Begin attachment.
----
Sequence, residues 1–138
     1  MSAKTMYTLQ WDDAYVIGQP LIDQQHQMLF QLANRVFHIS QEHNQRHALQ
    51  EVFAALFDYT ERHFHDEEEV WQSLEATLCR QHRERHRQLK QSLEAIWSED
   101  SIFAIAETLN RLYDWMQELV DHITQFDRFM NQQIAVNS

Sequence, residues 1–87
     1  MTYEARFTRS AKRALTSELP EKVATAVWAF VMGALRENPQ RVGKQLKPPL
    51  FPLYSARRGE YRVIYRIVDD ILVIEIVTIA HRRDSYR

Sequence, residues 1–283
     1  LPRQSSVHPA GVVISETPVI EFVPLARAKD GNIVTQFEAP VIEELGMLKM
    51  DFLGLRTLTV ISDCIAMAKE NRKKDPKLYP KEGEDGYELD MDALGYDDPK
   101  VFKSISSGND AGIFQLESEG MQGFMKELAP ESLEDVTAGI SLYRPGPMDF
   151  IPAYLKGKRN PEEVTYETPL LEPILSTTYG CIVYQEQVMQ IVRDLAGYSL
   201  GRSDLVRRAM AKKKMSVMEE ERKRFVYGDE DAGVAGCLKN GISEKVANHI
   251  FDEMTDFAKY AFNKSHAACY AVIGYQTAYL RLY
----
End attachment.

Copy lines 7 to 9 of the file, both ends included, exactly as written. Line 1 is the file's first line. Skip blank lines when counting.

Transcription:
    51  FPLYSARRGE YRVIYRIVDD ILVIEIVTIA HRRDSYR

Sequence, residues 1–283
     1  LPRQSSVHPA GVVISETPVI EFVPLARAKD GNIVTQFEAP VIEELGMLKM